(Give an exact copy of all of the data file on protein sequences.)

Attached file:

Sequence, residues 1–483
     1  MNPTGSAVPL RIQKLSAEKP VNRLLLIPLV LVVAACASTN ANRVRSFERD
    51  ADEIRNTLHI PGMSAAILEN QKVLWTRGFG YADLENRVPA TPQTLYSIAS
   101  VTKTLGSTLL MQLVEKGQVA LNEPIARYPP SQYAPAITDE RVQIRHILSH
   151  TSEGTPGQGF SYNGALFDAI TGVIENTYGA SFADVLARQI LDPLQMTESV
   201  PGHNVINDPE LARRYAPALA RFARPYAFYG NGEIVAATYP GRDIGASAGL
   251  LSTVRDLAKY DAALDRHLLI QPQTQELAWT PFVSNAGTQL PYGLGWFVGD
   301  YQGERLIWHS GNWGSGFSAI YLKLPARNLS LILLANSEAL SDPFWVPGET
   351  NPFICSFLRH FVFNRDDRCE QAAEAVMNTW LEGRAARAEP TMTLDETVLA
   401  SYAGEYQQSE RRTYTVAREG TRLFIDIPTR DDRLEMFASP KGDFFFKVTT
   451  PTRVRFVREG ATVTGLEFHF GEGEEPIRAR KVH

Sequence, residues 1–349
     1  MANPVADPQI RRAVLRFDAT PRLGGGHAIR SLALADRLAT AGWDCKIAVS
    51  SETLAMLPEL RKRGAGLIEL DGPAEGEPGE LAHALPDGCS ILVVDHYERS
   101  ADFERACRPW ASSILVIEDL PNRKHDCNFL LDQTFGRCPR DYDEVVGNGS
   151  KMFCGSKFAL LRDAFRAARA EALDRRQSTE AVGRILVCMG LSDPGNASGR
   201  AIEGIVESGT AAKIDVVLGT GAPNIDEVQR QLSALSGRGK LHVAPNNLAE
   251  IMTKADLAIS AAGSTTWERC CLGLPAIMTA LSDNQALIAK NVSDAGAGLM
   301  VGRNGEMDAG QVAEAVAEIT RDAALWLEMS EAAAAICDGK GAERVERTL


Sequence, residues 1–483
     1  MNPTGSAVPL RIQKLSAEKP VNRLLLIPLV LVVAACASTN ANRVRSFERD
    51  ADEIRNTLHI PGMSAAILEN QKVLWTRGFG YADLENRVPA TPQTLYSIAS
   101  VTKTLGSTLL MQLVEKGQVA LNEPIARYPP SQYAPAITDE RVQIRHILSH
   151  TSEGTPGQGF SYNGALFDAI TGVIENTYGA SFADVLARQI LDPLQMTESV
   201  PGHNVINDPE LARRYAPALA RFARPYAFYG NGEIVAATYP GRDIGASAGL
   251  LSTVRDLAKY DAALDRHLLI QPQTQELAWT PFVSNAGTQL PYGLGWFVGD
   301  YQGERLIWHS GNWGSGFSAI YLKLPARNLS LILLANSEAL SDPFWVPGET
   351  NPFICSFLRH FVFNRDDRCE QAAEAVMNTW LEGRAARAEP TMTLDETVLA
   401  SYAGEYQQSE RRTYTVAREG TRLFIDIPTR DDRLEMFASP KGDFFFKVTT
   451  PTRVRFVREG ATVTGLEFHF GEGEEPIRAR KVH

Sequence, residues 1–349
     1  MANPVADPQI RRAVLRFDAT PRLGGGHAIR SLALADRLAT AGWDCKIAVS
    51  SETLAMLPEL RKRGAGLIEL DGPAEGEPGE LAHALPDGCS ILVVDHYERS
   101  ADFERACRPW ASSILVIEDL PNRKHDCNFL LDQTFGRCPR DYDEVVGNGS
   151  KMFCGSKFAL LRDAFRAARA EALDRRQSTE AVGRILVCMG LSDPGNASGR
   201  AIEGIVESGT AAKIDVVLGT GAPNIDEVQR QLSALSGRGK LHVAPNNLAE
   251  IMTKADLAIS AAGSTTWERC CLGLPAIMTA LSDNQALIAK NVSDAGAGLM
   301  VGRNGEMDAG QVAEAVAEIT RDAALWLEMS EAAAAICDGK GAERVERTL